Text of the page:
The music that drew me into these comparisons remains relevant to the controversies today. The late folk singer Johnny Cash wrote a poignant song about the loss of the Seneca Nation lands to the U.S. Army Corps of Engineers for the Kinzua Dam project. The dispossession of the historic Cornplanter Tract had been a violation of the agreement dating to George Washington, but progress under eminent domain superseded the words of the man known as the Town Destroyer.
Should modern-day Seneca people occupy the Kinzua Dam or Mohawks confiscate the Robert Moses power dam on the St. Lawrence River, they would be depicted as disgruntled delinquents most likely. It would likely only be in passing that a historical reference to their original lands as a footnote to current events would be made. The resurrection of former glories, including the upholding of the seminal Iroquois Confederacy original constitution itself would be considered spurious, or of little consequence to today’s events. That is because to the winners go the spoils, including the stifling of lawful land claims and the writing of historical interpretation.
Johnny Cash participated in a thematic concept album series called White Mansions, featuring the late southern “Outlaw” singer Waylon Jennings from 1978 that was followed up by another Cash vocal contribution to a similar 1980 album featuring the aforementioned Levon Helm as Jesse James. Both of these unique projects were done under the supervision of the British lyricist Paul Kennerly, and provide a balanced set of depictions that favor no side or cause. They are collections of songs sung by the living about the dead, in an era locked in time.
The difference, however, between the American Civil War, which was supposedly settled, and the American Indian Wars which have apparently continued, is that Americans tolerated murmurs of the South rising again (as Levon Helm’s father confided to Robbie Robertson, spurring his lyrics specifically). The legacy of Robert E. Lee continued safely through 2017 in the form of limited edition minted plates and coins sold in advertisements included on the back of Sunday newspaper inserts and mailing advertisements. His former plantation named Arlington remains the name of the famous national military cemetery, as well as the name of the municipality near Washington D.C.
Other “lesser” Confederate generals with still-prominent names include the marginal Braxton Bragg (Fort Bragg, North Carolina) and Leonidas Polk (Fort Polk, Louisiana). The U.S. Army is currently resisting the renaming of military institution locations, but in this atmosphere of sweeping the deck historically, the refrained question remains, when will this treatment end; when will the healing begin.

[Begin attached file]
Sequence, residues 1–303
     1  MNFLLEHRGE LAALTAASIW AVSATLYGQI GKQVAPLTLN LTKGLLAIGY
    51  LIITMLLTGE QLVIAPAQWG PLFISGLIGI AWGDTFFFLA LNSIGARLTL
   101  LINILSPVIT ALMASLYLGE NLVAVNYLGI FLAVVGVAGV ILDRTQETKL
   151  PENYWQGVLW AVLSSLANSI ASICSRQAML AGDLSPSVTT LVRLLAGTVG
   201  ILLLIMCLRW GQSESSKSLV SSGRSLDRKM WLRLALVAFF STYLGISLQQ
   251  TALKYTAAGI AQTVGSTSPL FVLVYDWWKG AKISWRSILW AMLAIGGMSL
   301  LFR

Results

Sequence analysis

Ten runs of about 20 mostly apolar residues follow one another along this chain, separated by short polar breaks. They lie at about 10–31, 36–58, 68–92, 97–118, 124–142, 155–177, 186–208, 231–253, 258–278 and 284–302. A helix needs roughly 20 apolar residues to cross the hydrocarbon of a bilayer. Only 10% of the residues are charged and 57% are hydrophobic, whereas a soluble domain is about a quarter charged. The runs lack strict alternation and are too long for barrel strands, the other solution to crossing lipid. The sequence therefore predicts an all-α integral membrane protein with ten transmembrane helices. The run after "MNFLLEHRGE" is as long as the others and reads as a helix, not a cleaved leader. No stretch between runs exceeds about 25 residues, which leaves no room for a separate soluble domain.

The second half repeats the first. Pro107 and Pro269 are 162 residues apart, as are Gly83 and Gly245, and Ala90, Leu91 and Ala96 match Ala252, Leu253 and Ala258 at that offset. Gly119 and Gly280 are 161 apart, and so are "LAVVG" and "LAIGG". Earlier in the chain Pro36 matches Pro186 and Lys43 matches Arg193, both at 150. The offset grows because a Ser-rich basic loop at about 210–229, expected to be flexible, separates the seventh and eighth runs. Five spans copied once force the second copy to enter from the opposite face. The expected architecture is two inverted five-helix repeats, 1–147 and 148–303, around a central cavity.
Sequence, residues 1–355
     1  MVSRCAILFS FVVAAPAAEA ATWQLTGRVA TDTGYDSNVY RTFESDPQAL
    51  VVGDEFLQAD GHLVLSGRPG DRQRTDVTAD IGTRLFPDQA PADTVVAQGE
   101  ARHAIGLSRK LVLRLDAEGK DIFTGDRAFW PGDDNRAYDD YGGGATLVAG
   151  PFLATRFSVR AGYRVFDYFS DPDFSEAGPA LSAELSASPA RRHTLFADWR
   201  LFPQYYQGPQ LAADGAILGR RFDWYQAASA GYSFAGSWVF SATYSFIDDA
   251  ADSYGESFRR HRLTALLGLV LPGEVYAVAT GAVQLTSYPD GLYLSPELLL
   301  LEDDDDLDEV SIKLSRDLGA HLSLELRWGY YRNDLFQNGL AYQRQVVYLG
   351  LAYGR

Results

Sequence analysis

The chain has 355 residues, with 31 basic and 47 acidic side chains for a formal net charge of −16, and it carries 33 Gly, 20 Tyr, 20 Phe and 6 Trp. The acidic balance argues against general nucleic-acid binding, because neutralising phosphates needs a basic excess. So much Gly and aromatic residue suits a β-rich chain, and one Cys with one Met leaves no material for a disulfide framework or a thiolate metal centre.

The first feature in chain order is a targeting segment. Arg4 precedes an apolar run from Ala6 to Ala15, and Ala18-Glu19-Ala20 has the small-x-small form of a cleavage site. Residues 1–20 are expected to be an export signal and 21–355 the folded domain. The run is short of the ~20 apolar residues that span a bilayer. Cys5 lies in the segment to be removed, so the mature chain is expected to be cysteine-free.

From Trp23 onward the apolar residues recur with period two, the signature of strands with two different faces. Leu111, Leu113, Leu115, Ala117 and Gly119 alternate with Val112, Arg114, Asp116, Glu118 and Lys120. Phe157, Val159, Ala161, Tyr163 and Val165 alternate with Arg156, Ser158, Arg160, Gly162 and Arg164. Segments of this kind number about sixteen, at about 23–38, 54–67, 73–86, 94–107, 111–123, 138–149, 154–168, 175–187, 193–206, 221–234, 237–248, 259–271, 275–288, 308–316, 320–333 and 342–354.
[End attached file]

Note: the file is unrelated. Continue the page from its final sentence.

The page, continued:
Heather Heyer, the dead paralegal in Charlottesville, won’t be here to benefit from the opportunity for America to come together. Her cultural epitaph I think will remind people of her choice to engage in living through social involvement and not just exist in seemingly safe isolation. The more people are quiet about the world they wish to live in, the easier it is to accept that things around them will never change. To lose hope is to die in a small way instant to that decision. The slow death of the Confederate cause has possibly numbed some of the victims of modern culture wars to feel similarly. Native activists seem to bring the contentious issues to the forefront more directly in recent times. Who knows where the underlying political lines will cross between words and action for them? On the Hudson River, the exasperated looks from those so young is a worrying signal. For them, the heavy lifting is just beginning. I hope that they will live long enough to reap the benefit of their efforts. As time goes by for me, it is my own hopes and expectations being driven down because the American way of life seems rigged from its own start. Only through young blood pumping through the heavy heart is it revitalized. The ashes of the burnt-down Confederacy create the fertilizer for the next crop that follows it. May the fruits of their labors make the taste as sweet as their actions allow. For the sake of all of us.